International projectionist (Jan-Dec 1954)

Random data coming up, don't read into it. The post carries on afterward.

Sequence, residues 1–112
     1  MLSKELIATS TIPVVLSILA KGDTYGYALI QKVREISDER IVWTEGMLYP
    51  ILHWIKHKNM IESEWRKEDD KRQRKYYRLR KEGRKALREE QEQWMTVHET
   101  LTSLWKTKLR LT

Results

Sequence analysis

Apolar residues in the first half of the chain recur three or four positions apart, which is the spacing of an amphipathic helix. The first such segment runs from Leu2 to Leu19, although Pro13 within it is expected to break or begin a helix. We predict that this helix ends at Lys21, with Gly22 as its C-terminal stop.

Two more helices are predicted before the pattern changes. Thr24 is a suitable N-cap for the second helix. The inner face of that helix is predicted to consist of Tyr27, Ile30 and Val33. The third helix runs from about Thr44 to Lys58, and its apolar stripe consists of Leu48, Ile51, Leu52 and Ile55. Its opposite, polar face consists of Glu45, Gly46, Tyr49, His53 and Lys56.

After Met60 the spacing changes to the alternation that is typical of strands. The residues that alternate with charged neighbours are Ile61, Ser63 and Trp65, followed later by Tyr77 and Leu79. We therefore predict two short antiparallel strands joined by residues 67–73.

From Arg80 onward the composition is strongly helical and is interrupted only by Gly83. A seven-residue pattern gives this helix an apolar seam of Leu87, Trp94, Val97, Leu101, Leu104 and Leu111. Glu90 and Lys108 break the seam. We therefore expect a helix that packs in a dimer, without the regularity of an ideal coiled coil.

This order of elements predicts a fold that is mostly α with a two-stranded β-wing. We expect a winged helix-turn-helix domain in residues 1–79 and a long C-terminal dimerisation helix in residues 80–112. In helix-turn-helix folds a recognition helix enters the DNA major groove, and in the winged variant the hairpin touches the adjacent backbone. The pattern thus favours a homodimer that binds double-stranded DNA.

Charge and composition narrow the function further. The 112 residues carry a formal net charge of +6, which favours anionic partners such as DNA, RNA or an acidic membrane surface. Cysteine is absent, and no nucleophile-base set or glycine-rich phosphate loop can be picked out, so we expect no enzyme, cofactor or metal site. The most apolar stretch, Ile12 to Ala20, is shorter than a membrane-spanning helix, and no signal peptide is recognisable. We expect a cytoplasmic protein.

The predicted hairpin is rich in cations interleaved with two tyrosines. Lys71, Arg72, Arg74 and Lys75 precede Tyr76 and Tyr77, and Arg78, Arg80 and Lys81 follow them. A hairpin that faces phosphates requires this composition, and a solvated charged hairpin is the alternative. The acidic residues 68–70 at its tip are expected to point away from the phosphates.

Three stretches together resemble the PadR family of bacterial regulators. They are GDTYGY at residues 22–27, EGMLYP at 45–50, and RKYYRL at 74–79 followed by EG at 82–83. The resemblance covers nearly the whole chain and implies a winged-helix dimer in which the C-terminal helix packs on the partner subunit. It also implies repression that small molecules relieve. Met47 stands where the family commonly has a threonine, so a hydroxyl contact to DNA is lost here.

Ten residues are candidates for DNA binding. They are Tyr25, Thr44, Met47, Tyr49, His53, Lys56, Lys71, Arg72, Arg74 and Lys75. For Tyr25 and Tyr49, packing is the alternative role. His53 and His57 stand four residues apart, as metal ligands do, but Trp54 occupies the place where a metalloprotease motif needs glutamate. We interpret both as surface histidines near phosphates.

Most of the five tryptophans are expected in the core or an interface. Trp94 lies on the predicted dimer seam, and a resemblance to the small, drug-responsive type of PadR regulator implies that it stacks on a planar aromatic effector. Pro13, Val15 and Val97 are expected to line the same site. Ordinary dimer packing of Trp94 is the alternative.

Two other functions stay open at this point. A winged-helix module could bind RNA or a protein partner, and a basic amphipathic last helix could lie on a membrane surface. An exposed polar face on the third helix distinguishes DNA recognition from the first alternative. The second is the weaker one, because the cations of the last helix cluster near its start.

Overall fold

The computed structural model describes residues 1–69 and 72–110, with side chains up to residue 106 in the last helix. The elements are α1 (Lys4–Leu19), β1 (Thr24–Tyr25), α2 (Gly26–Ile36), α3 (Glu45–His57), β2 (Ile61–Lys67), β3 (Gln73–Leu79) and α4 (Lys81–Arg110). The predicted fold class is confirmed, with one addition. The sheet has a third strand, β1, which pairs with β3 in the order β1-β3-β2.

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than an uncooled crater, it is true, but crater brightness in the cooled carbon is approximately 30% under that of an uncooled carbon when the amperage lemains the same. Waler-cooled carbons burn somewhat more slowly than uncooled carbons, and this means just one thing — less light at the same power-consumption. Charles A. Hahn of J. E. McAuley Mfg. Co., stressed this fact in the July 1953 issue of IP (page 21) . "As Simple as That" In the case of carbon arcs," he wrote, "the main product we seek through their consumption is light, and its quality or volume is determined by the amount of carbon that is consumed. . . . All things being equal, we doubt if anybody can reduce the consumption-rate of a fuel and still come up with a gain in the output of the product you burn it for. It's as simple as that." Purely fanciful claims won't increase your light. If your screen were smaller, and if you could feed 100 amps to your arcs, then carbon-coolers would be advantageous to you. Your lamphouses would be less hot, your screen would be more evenly lighted, and color changes would not be so apt to occur during changeovers. Under these conditions you would use carbon cooling. But under the actual existing conditions in your theatre, carbon coolers won't do you a bit of good, and, in fact, will rob you of light you can't afford to lose. For comprehensive technical studies of the effects of water-cooling on arc operation, we refer you to The Effect of Carbon Cooling on High Current Arcs by Wolfgang Finkelnburg, Research and Development Laboratories, Fort Belvoi'-, Virginia (IP for June 1949, p. 14), and to High-Brightness Carbon Arcs by M. T. Jones and F. T. Bowditch, National Carbon Co. (IP for July 1949, p. 12). Now let's take a look at your projection setup and see if anything can be changed to give you more light. Your metal arclamp reflectors are doing your business as much harm as anything. This is something else you can get away with if you have plenty of light to begin with. The type of metal mirrors you are using are made of steel plated with rhodium, a shiny metal of the platinum family; These mirrors reflect only about 75% as much visible light as silvered glass mirrors, but just as much heat (infrared). So gst glass mirrors for your lamps, and you will gain 25% more light. Two new mirrors will be sufficient, as you can save your metal mirrors for spares in case of breakage. Optical Set-up Vital When changing mirrors, don't fail to line up your lamps for maximum light production. The focal lengths of commercial mirrors often differ slighdy, so if it's possible to readjust the mirror-to-aperture distance, try different distances until you get the brightest light. And, of course, all the optical components — mirror, carbons, aperture, and projection lens — must be in a straight line to get good light. Even a slight deviation can ruin your screen illumination. The writer has often used metal mirrors, and while he appreciates mirrors that can't pit or break, he is not too happy about a 25% loss of light. The light from metal mirrors is yellower, or "softer," than that from silvered-glass mirrors, so you can expect color films to look better on your screen after you have made the change to glass mirrors. Protect your glass mirrors from sudden drafts and deposits of soot to insure against breakage. Sooty spots, which may be Screen used for »he first CinemaScope drive-in presentation at the Motor Vu DriveIn Theatre, Salt Lake City. Enormity of screen, 102 by 48 feet, may be gauged by comparing its range with human figures shown at lower left. formed when the arc is struck too slowly, often crack mirrors because they absorb a great deal of heat. Carbon Trim, Power Supply You are burning the proper amperage in your lamps, but the voltage supplied by your rectifiers is a trifle too low for the best light. The rectifiers you are using are better suited to 8/7 mm trims. Your present 9/8 mm trim requires at least 45 volts to produce a crater of proper diameter and depth. You will probably find that the craters in your positive carbons are too small in diameter and too deep. Just as an experiment, you might try the smaller trim (8 mm positive with 7 mm negative, both copper-coated) just to see what happens to the light. Better still, change to rectifiers supplying 50 volts. Travel-ghost isn't a good thing; and if you were getting plenty of light, you wouldn't want a trace of it in your pictures. But it would seem that you were justified in trimming your shutters a little beyond the limit to get every bit of light posible. Every lumen helps when the light is inadequate. And this brings up the subject of your screen. The white asbestos siding with which your screen is surfaced has a reflective power of approximately 65%. A regular white movie screen reflects from 75% to 80% even when perforated. We realize that asbestos siding is a common screen surface in drive-ins, but by coating this siding with a weatherproof flat white paint of good quality the reflectivity can be stepped up to at least 80%, and may even go up to 90%. It is best to obtain a paint made for this purpose and, at any rate, paints containing white lead should be avoided. White lead turns yellowish in the course of time due to the formation of brownish-black lead sulfide. Proper Screen Surface It may be best to use such a white surface on your new CinemaScope screen. The use of an aluminized surface is ruled out if your projectors tilt upwards toward the screen. With an upward projection angle, an aluminum screen would merely throw most of the light into the sky where it would do no good. It is unfortunate that no one has yet devised a weatherproof beaded INTERNATIONAL PROJECTIONIST OCTOBER 1954